It’s the noon hour. All of a sudden, you have a need to escape or, conversely, to surrender to torpor, into the throes of an afternoon nap, even if you’re not really tired. Perhaps you also have an urge to daydream about a romantic and exciting place beyond confined walls.
A tale in the age of coronavirus isolation? Not exactly: the ancients wrote extensively on this feeling centuries ago. These descriptions go back to desert monks of the fourth century, who were warned about the dangers of what was called acedia.
These monks left society to live the harsh existence of contemplation amid bleak landscapes. Many saw acedia as succumbing to demons intent on severing their connection to God. Others tried to see it as a gift from God which, when left behind, could result in a deeper faith and a greater sense of humility.
The Irish priest psychologist Martin McAlinden notes that acedia was literally a demon, or one of the eight temptations experienced by monks. (The others were the Seven Deadly Sins.) As Evagrius of Pontus wrote, “the demon of acedia attends the monk around midday, causing him to grow weary or bored.” The withdrawal results in a restlessness, a sense of meaninglessness, and an agitation directed toward others.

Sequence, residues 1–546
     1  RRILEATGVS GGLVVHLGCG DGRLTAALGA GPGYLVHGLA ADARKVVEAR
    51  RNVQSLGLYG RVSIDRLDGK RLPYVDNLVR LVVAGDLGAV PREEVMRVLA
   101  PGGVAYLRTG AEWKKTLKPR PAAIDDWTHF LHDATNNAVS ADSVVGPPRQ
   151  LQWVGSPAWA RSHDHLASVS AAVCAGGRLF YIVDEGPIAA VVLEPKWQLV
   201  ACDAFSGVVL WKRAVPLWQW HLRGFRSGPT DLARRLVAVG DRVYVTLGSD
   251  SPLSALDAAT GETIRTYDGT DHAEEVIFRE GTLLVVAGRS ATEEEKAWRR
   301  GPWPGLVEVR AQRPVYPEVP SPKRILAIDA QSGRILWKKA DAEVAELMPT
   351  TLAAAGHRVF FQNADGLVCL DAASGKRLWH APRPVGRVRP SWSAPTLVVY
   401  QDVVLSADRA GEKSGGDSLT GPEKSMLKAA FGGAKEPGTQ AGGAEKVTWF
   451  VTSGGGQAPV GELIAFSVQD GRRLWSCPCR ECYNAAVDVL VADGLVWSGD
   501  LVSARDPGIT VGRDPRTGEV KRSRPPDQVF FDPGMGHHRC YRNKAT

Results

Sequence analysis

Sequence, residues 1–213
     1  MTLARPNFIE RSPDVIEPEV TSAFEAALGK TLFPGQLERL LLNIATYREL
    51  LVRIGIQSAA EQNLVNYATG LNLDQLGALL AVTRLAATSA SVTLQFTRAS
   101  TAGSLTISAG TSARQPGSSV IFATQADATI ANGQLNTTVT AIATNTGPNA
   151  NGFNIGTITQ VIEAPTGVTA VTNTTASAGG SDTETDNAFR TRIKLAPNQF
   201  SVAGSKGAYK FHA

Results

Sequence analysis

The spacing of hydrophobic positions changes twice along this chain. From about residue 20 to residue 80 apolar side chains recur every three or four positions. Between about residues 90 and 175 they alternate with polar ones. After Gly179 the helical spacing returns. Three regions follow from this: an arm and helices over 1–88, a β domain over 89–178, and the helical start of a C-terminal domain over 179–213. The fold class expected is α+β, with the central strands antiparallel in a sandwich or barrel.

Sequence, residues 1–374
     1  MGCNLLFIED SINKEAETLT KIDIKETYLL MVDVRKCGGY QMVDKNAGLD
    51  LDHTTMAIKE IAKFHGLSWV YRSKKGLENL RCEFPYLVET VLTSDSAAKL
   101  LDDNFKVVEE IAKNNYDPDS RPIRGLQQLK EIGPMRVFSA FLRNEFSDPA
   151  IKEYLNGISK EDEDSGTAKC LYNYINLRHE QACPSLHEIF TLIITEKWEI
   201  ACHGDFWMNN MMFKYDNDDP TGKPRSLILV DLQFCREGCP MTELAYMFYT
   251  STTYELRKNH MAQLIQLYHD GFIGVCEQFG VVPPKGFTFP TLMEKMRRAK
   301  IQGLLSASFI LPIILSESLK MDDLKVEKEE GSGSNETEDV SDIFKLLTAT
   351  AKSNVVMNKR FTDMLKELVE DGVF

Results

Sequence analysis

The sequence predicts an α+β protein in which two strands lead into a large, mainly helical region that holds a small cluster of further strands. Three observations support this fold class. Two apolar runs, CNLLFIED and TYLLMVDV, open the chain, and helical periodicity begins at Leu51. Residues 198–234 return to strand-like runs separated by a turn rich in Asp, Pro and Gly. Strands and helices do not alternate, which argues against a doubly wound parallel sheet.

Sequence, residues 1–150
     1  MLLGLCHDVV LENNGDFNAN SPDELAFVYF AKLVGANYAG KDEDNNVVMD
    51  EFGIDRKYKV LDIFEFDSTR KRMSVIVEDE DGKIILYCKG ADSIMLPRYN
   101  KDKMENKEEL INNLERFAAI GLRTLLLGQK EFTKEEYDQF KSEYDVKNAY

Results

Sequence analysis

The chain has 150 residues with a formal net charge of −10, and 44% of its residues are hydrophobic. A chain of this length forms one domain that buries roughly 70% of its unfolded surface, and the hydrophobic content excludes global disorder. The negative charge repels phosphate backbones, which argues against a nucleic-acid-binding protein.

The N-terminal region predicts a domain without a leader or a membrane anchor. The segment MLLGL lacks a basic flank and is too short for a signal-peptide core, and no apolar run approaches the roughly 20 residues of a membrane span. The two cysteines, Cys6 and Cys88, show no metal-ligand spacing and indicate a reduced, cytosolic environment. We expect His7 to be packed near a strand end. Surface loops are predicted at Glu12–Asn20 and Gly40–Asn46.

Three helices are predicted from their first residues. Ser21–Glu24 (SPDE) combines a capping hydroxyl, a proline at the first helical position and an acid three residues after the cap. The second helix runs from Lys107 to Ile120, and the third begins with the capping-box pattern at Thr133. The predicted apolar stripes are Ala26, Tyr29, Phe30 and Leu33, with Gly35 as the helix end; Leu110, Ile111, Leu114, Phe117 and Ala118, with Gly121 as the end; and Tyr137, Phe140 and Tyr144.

Literary scholar Susan E. Colón writes that the ancients saw acedia in theological terms, as a failure of charity toward God, which invariably led to failure of charity toward other people.
But even as society became more secular over the centuries, says Colón, there were people who found inspiration in the religious concept, even in modern times. For example, T.S. Eliot wrote about acedia as a place where silence and stillness could not be had: an encounter with existential meaninglessness that the mystic John of the Cross described as a “dark night.” Eliot believed that the insistent search for religious meaning in his time was an attempt to escape modern malaise.
Conversely, some see the modern search for self-help cures as another symptom.
McAlinden, advising modern clergy, notes that acedia is a common modern plight. He counsels nurturing a prayer life, creating a support system, and fighting the temptation to leave one’s calling by abandoning duties and landing into the throes of noonday sleep. Acedia needs to be confronted head on, argues McAlinden, joining many of the ancient seers who offered advice on the topic.
Ironically, modern life in the age of coronavirus may well require a revisiting of the concept of acedia, as indulgent escapes in a time of forced confinement become impossible for much of the modern world.